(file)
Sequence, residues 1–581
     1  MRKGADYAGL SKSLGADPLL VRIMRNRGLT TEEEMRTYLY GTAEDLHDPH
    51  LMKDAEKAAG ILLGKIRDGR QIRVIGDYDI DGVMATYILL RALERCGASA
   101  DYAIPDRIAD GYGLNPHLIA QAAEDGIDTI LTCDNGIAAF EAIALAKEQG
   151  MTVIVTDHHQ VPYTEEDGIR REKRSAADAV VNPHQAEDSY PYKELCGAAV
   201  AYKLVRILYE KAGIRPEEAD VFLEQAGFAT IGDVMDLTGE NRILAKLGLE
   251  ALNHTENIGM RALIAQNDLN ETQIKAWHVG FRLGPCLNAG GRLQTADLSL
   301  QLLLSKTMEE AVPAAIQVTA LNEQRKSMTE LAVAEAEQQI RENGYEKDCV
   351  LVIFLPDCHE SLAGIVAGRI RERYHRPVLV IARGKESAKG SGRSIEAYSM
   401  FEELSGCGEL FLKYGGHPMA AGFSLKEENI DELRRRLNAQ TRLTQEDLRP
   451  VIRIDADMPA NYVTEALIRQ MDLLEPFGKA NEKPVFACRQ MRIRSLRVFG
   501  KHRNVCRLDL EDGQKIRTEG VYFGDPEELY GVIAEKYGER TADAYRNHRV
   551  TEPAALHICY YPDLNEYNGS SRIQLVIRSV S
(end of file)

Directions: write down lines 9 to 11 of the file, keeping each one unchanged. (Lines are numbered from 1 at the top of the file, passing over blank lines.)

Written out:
   351  LVIFLPDCHE SLAGIVAGRI RERYHRPVLV IARGKESAKG SGRSIEAYSM
   401  FEELSGCGEL FLKYGGHPMA AGFSLKEENI DELRRRLNAQ TRLTQEDLRP
   451  VIRIDADMPA NYVTEALIRQ MDLLEPFGKA NEKPVFACRQ MRIRSLRVFG